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     Volume 4 Issue 28 | January 7, 2005 |

   Cover Story
   News Notes
   A Roman Column
   Slice of Life
   Time Out
   Straight Talk
   In Retrospect
   Book Review
   Dhaka Diary
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News Notes

January--the cruellest month
January is the cruellest month for parents who are considering getting their children admitted to schools, or to good school to be more appropriate. Schools were never scarce in the city, but schools where parents want to send their children are certainly few. In the list of the schools that are generally believed to be good both private and government schools
figure and since government schools are far cheaper than the other variety, they naturally attract a large number of applicants. This year some 38,218 admission seekers are competing for a total of 8,591 seats at 24 government schools. It means, each seat will have five competitors. The scarcity of reasonably good schools become glaring during the first week of January when the huge contingent of parents and guardians crowd along the school gates shivering in the cold and learning wearily how less prepared their five-year-old kid is in comparison with most of his competitors. While this stiff competition is a one-time experience for some, the larger number has another year and then perhaps yet another year of cold, anxiety and uncertainty before them. The number of worrying parents waiting outside the school gates in the first week of cold January, however, grows bigger every year.

Red Tapism Frightens
the Bureaucrats?

The much talked about independent Anti-Corruption Commission (ACC) was finally established though the main opposition parties are sceptical about its functioning independently. It is certainly too early to be pessimistic. But, for the country that has topped the list of the most corrupt countries of the world for the fourth consecutive times, fighting corruption is bound to be a huge ask. Only time can say where the ACC finally lands in. The beginning looks good though. The ACC has served a notice to 13 ministries asking them to report on the whereabouts of 1,028 vehicles purchased under different government development projects between 1995 and 2001, after a newspaper report claimed that the cars were being used illegally. The notice, perhaps the first of its kind, has created quite a stir and some of the till-now almighty secretaries have expressed their disappointment for ACC's sweeping allegation against the high government officials. Another secretary however was brave enough to say how and where do these project cars go. According to him, the fear of red tapism to get the development project vehicles discourage many to go by the prescribed process. It usually takes two to three years if they are to be acquired legally, he adds. So in most cases a particular ministry just starts to use the car the moment the project is over, without bothering to follow the legal process. An interesting case ahead, no doubt.

Sweepers lock horns
with the Authority

Dhaka-Chittagong railway communications remained suspended for over three hours on January 2 as sweepers bespattered Comilla Railway Station with human excreta protesting arrest of a colleague.
The mob smeared the Station Master's office, booking office, ticket counter and platform with feces forcing the railway staff at the station to stay away.
Arrest of Laxman Chandra Das one of the sweepers, and passenger Harun-ur-Rashid on December 26, irked people whose job is to keep the station clean. Due to their unconventional way of protest, the railway traffic came to halt for three hours.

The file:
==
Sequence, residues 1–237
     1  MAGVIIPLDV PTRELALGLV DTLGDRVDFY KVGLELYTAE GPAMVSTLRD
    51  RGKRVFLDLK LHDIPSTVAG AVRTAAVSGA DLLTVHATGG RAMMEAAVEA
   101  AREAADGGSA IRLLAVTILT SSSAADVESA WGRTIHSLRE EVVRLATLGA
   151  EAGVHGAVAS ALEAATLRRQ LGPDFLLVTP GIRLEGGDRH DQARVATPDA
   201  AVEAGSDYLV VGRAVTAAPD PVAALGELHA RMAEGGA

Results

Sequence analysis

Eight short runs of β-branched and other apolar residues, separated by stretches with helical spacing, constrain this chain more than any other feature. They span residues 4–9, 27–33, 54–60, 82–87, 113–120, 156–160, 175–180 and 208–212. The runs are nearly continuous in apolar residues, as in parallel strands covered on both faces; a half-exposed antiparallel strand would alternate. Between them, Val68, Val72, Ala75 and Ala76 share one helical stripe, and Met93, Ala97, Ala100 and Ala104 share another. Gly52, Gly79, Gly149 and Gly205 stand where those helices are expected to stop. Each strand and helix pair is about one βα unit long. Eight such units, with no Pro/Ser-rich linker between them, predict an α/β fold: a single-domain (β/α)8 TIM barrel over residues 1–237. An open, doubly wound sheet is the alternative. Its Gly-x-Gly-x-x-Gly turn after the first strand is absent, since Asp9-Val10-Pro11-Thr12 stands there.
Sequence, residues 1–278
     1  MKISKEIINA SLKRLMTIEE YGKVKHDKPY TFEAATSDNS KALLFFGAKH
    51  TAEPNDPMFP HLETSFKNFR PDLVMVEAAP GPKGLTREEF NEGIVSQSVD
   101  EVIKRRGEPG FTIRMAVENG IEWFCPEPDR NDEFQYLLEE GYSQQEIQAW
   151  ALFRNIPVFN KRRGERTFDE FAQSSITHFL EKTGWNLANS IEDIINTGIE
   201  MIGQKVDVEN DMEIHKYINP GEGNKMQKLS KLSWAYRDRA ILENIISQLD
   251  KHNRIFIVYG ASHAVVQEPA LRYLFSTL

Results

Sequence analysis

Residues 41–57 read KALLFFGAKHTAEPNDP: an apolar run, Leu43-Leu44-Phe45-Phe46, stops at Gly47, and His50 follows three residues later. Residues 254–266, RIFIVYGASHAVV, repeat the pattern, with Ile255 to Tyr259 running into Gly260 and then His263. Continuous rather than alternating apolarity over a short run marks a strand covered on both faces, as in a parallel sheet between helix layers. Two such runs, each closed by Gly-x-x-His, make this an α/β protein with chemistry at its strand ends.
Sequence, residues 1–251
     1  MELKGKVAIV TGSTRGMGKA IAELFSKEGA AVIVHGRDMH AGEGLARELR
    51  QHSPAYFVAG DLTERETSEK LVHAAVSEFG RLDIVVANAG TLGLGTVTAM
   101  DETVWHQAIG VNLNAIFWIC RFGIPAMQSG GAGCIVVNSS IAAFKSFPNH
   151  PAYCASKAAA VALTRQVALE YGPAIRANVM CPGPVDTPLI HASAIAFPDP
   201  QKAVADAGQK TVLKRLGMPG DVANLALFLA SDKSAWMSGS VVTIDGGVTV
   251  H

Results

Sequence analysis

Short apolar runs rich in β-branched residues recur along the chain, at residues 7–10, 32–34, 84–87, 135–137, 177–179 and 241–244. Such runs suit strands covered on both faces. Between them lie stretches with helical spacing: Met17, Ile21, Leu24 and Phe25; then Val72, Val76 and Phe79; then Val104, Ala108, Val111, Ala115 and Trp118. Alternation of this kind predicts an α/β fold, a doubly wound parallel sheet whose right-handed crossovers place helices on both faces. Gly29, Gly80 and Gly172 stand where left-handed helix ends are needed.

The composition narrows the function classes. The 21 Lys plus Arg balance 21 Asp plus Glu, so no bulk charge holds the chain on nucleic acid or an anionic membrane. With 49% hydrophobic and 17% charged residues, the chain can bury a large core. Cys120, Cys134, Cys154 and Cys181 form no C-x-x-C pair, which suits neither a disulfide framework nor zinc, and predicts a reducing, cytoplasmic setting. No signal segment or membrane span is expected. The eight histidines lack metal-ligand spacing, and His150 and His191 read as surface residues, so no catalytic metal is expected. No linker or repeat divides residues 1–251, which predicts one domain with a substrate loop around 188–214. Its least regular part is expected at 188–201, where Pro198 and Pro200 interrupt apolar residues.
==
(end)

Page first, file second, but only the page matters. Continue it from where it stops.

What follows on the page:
Noakhali bound Upadul from Dhaka and Sylhet-bound Paharika from Chittagong could not reach the reach the station in time due to the demonstration. The railway traffic resumed at about 1:00 pm.
The sweepers cleaned up the mess after railway authorities and police promised them to set the arrestee, laxman, free. He was nabbed during a clash with smugglers. The smugglers were carrying phensidyl and liquor on a Chittagong bound train, police and railway sources said to The Daily Star.

Born at

About 80 per cent of pregnant women give birth at Dhaka Medical College Hospital (DMCH). They come here as it's fairly low in cost. Recent surveys have shown that the doctors in this and other such government hospitals are reluctant about assisting these deliveries. They rather go for the expensive caesarean section that multiplies the cost. It has also come to light that some staff engage in stealing drugs and medical accessories while the patients are later reluctant to buy them. This adds to the 'hidden cost' of childbirth. A normal delivery at DMCH, including drugs and other accessories, costs roughly Tk 2,500 while through caesarean section, the costs rises to Tk 5,000 and Tk 10,000. Most of the patients are poor, and they come to the public hospital since it is supposed to provide treatment free of cost but they end up being forced to pay much more than their expectations. Roni Begum, 25 had come from a local slum a few hours prior to her delivery. She had been told that she would have a normal delivery. Half an hour into her admission the attending doctors asked her husband Arif, a rickshaw puller, to bring a number of drugs and medical accessories for caesarean section. Arif failed to pay for the cost of the drugs and accessories and took his wife back home about two hours later. She gave birth to a baby within half an hour of returning home. A common sight at the maternity section is that of worried attendants of patients rushing about for medicines and other things the doctors urgently require. A senior doctor said that the hospital has "a poor fund to help extremely poor patients in cases of surgery".

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